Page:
When a tax-exempt nonprofit earns income through an activity that is commercial in nature (for example, sale of goods, space rental, or advertising), and that activity is “regularly carried on,” then this revenue may be taxable income. That’s why it’s important for your finance team to know where income is coming from so it can be tracked, recorded, and reported accurately. Tax-exempt nonprofits that generate UBI will also have to file IRS Form 990-T, the “Exempt Organization Business Income Tax Return.”
Fortunately, the right financial management technology and automated reporting can make Form 990 reporting of UBI much easier. New funding streams be tagged in a dimensional database and accounts making them easier to track and evaluate for UBI. For example, you can set up your financial report to have a separate dimension for exempt revenue, excluded revenue, and UBI—that way, you can easily search for those account groups and report on them in Form 990. Additionally, you can include attachments to document the rationale and process for reporting new lines of revenue that may be unrelated taxable business income. Your finance team can also add a review of UBI to your monthly close checklist so you always know where you stand.
Simplify functional expenses reporting
A Statement of Functional Expenses is one of the standard reports in a nonprofit audit, and it is used to show how expenses are incurred for each functional area of your nonprofit organization. To complete your Form 990, you’ll need to report expenses based on how they fall within these three categories:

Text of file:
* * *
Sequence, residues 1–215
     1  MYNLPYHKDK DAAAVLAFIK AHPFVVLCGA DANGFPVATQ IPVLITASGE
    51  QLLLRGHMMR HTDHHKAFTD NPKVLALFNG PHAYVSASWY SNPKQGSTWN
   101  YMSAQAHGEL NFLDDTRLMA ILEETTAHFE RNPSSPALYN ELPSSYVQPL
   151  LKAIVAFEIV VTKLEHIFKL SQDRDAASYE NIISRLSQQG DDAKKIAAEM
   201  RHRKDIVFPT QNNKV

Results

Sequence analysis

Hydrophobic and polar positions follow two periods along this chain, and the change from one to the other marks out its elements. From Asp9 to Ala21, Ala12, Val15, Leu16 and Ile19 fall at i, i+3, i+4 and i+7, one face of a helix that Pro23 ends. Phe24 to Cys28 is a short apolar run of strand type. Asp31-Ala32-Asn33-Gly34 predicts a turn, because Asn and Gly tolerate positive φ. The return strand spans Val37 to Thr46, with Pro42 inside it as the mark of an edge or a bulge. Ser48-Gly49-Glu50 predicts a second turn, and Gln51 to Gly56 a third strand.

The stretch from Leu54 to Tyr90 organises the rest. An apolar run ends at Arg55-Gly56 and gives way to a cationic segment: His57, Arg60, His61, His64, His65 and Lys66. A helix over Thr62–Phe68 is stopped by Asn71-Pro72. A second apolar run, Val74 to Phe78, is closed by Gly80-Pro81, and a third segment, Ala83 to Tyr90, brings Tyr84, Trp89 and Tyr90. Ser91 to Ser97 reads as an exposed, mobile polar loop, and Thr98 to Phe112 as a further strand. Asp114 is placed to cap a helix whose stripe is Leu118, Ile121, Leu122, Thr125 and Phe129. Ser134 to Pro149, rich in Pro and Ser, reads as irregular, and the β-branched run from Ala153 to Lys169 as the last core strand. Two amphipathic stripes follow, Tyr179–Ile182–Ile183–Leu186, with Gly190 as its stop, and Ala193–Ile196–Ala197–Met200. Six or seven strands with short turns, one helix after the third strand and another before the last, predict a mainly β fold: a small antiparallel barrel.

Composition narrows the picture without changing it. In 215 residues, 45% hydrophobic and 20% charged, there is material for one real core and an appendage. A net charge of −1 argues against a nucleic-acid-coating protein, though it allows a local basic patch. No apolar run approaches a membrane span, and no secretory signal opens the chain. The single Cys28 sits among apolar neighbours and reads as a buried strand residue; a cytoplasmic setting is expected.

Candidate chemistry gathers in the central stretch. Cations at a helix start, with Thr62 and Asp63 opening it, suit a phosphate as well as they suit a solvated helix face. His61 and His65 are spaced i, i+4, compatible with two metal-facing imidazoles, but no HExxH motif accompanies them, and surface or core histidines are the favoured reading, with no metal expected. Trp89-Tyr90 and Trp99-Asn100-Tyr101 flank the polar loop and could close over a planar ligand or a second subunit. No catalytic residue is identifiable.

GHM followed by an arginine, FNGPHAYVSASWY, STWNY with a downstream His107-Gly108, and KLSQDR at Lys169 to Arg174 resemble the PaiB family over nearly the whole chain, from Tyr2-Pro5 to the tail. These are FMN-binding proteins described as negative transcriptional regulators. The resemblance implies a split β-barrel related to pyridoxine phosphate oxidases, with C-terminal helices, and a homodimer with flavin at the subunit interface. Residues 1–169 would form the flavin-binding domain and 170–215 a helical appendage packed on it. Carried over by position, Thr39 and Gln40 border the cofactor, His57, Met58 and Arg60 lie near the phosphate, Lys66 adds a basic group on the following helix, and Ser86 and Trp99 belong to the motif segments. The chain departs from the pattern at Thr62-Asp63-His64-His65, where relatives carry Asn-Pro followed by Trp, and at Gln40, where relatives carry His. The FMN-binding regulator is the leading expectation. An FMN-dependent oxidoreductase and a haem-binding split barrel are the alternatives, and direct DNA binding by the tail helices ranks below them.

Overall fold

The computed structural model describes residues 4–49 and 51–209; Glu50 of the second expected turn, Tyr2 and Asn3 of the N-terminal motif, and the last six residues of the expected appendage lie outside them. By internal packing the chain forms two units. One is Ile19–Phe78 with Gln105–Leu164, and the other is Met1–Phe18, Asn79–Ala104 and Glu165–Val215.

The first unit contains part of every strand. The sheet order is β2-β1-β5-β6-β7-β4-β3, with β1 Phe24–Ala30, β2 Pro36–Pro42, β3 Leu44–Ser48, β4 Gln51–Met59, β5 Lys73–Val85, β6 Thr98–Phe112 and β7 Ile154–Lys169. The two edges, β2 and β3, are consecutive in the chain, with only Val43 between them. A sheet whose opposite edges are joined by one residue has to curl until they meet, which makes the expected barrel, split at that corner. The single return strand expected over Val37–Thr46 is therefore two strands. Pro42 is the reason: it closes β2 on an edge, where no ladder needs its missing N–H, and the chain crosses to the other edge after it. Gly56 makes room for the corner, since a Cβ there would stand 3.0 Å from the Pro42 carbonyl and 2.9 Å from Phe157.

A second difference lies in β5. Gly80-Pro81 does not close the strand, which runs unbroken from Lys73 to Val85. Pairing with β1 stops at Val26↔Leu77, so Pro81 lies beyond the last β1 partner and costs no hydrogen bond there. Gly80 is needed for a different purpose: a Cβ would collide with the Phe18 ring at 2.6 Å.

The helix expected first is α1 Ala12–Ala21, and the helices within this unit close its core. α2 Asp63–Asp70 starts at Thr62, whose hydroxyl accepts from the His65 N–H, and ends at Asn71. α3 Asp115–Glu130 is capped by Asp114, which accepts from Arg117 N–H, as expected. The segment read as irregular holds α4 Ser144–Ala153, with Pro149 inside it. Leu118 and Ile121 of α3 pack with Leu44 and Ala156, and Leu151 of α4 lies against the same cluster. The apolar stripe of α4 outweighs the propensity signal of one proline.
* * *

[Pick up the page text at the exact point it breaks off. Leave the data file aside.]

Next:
- Program services including any costs associated with executing mission-driven programs and services.
- Administration and management such as operational expenses like rent, salaries, utilities, and supplies.
- Fundraising including the costs directly tied to raising money.
These expenses don’t always fall squarely into a sole category and therefore must be allocated using a clear and consistent process. For example, nonprofit personnel often spread their time over multiple functions. Using modern nonprofit accounting software, you can simplify tracking of a full-time employee that spends three days per week working in the office for administrative purposes and two days per week in the field providing a mission-driven service. In this case, 40% of their salary would be allocated to program expenses and 60% would be allocated to administrative expenses.